A co-production with Northern Stage, Common Wealth’s I Have Met the Enemy (and the Enemy Is Us) is a bold and passionate work, but one that never quite coheres into a compelling experience.
Welcomed into Byker Community Centre, the audience is invited to an arms fair, seduced with offers of weapons big and small. It’s an intriguing concept, but like so much of the production, it doesn’t completely translate. The acoustics of the space work against the community cast, often making them hard to hear, and a lack of any audience direction results in a lot of aimless milling around – for such a short piece, there’s an unpardonable number of such longueurs, sapping the momentum.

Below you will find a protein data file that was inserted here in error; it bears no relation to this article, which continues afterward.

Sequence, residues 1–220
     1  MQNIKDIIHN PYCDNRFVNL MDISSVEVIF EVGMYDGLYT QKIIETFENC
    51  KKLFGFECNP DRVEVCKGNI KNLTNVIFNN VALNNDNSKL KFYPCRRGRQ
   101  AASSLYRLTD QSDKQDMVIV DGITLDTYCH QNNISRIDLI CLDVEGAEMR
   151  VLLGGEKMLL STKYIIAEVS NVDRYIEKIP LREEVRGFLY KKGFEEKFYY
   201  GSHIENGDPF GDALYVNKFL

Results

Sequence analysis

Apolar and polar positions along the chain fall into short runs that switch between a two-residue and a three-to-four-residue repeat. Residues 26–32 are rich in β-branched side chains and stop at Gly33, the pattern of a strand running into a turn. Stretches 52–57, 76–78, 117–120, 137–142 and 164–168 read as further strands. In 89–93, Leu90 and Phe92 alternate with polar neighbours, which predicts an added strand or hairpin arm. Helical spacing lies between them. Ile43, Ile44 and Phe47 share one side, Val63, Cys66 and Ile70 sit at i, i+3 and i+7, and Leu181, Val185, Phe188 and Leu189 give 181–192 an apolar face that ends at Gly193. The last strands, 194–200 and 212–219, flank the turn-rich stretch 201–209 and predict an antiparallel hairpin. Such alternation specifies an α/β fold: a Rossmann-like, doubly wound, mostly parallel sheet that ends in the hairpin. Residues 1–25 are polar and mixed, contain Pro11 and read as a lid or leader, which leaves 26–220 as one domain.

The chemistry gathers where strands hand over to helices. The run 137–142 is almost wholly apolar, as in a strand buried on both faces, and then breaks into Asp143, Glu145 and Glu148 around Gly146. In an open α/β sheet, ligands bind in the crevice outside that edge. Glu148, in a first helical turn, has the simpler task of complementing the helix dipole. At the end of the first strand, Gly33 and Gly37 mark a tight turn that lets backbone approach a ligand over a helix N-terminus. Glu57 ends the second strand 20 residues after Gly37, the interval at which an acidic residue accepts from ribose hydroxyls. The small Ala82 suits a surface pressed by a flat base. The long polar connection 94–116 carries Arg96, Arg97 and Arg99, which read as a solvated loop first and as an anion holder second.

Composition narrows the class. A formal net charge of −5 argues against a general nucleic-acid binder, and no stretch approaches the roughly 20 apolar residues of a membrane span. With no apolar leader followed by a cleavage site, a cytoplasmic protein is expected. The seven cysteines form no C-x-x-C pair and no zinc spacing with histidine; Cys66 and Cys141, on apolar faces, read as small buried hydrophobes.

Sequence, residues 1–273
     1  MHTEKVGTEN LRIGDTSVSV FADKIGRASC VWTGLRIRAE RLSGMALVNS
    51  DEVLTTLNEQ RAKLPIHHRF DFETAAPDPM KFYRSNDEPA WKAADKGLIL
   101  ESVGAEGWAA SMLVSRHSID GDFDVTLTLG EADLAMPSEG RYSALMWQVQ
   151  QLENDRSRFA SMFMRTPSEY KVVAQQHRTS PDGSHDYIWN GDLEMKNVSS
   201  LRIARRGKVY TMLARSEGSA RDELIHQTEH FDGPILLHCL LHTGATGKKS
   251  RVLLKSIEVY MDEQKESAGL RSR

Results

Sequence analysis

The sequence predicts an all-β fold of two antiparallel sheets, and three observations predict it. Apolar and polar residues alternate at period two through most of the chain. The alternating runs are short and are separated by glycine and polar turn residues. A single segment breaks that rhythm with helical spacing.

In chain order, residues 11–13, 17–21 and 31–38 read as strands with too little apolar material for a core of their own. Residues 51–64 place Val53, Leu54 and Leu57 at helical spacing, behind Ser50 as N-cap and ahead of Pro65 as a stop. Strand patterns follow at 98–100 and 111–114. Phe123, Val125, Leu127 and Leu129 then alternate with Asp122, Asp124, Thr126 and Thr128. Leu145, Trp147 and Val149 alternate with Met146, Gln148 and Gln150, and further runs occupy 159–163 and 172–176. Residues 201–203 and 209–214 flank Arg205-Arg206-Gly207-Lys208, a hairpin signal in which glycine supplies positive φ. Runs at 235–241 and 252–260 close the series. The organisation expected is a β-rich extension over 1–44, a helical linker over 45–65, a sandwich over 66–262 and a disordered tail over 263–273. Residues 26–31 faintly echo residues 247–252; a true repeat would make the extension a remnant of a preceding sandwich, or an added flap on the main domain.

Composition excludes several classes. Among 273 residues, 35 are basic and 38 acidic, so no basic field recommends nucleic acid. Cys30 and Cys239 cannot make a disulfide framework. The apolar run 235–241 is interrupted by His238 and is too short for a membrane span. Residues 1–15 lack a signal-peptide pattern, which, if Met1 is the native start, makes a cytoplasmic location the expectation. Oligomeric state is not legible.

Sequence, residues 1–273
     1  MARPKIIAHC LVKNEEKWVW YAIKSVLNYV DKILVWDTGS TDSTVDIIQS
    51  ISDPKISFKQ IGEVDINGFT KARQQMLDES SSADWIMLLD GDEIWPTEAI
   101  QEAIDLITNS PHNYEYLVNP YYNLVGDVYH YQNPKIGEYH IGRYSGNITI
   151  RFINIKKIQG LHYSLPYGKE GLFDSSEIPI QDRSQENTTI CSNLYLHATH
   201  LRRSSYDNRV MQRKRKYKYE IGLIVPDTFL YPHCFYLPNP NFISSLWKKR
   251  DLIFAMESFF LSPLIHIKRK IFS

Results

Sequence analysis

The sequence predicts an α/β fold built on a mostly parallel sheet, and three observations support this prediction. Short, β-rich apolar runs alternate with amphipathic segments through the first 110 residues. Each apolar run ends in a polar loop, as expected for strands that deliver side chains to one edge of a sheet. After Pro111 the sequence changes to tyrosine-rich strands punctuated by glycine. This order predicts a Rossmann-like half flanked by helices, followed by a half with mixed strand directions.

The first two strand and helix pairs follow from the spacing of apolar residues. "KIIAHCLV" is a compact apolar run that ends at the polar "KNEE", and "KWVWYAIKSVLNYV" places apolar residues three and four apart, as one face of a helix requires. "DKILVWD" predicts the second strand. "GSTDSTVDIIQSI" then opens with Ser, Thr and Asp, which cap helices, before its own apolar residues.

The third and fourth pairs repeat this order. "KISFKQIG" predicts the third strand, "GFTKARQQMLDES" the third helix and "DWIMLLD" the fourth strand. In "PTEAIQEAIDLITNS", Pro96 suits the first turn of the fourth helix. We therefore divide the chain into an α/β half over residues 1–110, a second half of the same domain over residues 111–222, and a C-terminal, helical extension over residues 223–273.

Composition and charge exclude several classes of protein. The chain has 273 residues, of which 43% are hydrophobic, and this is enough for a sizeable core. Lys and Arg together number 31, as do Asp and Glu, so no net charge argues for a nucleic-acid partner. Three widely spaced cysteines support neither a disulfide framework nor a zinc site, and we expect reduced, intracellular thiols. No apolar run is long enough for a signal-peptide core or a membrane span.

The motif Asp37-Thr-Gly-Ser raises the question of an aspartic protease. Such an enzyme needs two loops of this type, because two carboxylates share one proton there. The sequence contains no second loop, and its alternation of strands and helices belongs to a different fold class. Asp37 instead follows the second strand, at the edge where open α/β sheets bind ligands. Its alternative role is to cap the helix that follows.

Although touching on Britain’s disproportionate role in the arms trade, it’s far stronger when focusing on the lived experiences of its main cast. Here, small moments of striking veracity shine: former soldier Alexander Eley guides us on a night raid, Palestinian Mo’min Swaitat shares his tips on getting through a military checkpoint unchallenged, and Yemeni artist Shatha Altowai (via pre-recorded film) talks about a home life cruelly disrupted by war.
It’s staged with real flare – Andy Purves’ lighting and Jamie Grier’s sound design are effective, and Robbie Thomson has created an eerily futuristic space, metronomes clicking with almost sentient menace. But uneven pacing and a scattershot script dilute its effect. Immersive theatre is by its nature fluid, but a little more structure would have made for a more dynamic show.